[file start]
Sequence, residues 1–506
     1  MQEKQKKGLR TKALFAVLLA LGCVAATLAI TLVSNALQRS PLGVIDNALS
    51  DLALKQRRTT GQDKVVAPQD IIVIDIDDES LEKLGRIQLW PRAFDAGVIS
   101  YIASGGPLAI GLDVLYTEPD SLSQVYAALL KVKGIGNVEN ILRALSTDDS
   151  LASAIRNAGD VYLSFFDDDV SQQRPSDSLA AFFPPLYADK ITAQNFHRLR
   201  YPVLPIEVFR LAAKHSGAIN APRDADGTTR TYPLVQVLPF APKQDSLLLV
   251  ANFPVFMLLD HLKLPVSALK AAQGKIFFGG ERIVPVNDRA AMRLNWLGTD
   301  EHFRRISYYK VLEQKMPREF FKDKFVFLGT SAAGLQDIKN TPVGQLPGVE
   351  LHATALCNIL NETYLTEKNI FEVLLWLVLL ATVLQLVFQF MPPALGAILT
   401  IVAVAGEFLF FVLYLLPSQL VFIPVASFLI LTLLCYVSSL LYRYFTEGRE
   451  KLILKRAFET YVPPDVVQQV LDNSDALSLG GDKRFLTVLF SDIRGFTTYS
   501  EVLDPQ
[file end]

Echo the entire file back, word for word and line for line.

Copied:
Sequence, residues 1–506
     1  MQEKQKKGLR TKALFAVLLA LGCVAATLAI TLVSNALQRS PLGVIDNALS
    51  DLALKQRRTT GQDKVVAPQD IIVIDIDDES LEKLGRIQLW PRAFDAGVIS
   101  YIASGGPLAI GLDVLYTEPD SLSQVYAALL KVKGIGNVEN ILRALSTDDS
   151  LASAIRNAGD VYLSFFDDDV SQQRPSDSLA AFFPPLYADK ITAQNFHRLR
   201  YPVLPIEVFR LAAKHSGAIN APRDADGTTR TYPLVQVLPF APKQDSLLLV
   251  ANFPVFMLLD HLKLPVSALK AAQGKIFFGG ERIVPVNDRA AMRLNWLGTD
   301  EHFRRISYYK VLEQKMPREF FKDKFVFLGT SAAGLQDIKN TPVGQLPGVE
   351  LHATALCNIL NETYLTEKNI FEVLLWLVLL ATVLQLVFQF MPPALGAILT
   401  IVAVAGEFLF FVLYLLPSQL VFIPVASFLI LTLLCYVSSL LYRYFTEGRE
   451  KLILKRAFET YVPPDVVQQV LDNSDALSLG GDKRFLTVLF SDIRGFTTYS
   501  EVLDPQ